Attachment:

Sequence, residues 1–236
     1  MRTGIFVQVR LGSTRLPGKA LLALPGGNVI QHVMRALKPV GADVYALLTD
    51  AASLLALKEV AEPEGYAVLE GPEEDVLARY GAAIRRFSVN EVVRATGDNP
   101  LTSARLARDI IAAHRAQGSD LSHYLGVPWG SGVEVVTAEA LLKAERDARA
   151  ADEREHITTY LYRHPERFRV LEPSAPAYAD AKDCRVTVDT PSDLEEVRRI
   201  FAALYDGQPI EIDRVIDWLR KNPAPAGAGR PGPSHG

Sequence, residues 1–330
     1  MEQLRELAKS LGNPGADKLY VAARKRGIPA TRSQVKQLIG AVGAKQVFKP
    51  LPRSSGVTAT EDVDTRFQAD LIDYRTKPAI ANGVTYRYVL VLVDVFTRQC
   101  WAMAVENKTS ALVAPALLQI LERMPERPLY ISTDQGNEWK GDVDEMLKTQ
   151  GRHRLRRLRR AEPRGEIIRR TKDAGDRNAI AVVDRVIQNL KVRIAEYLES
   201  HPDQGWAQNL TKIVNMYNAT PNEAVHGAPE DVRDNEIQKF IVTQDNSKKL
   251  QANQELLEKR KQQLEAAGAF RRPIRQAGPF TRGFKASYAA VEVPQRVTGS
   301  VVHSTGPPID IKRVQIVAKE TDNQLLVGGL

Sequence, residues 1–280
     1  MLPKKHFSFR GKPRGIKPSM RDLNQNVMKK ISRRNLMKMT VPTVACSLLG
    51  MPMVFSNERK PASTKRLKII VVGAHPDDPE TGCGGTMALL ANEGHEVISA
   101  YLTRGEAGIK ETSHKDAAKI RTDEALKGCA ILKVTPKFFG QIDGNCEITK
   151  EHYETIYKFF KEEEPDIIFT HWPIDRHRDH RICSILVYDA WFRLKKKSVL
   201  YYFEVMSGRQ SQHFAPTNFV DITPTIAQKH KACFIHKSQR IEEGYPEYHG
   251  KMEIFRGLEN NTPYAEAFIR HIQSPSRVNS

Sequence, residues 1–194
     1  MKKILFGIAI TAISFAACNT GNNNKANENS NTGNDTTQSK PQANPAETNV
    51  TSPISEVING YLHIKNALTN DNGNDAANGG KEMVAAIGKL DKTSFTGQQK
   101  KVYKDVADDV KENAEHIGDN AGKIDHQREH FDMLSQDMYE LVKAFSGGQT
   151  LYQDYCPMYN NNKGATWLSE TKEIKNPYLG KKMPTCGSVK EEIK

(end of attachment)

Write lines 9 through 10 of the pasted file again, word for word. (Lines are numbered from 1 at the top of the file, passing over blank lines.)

    51  LPRSSGVTAT EDVDTRFQAD LIDYRTKPAI ANGVTYRYVL VLVDVFTRQC
   101  WAMAVENKTS ALVAPALLQI LERMPERPLY ISTDQGNEWK GDVDEMLKTQ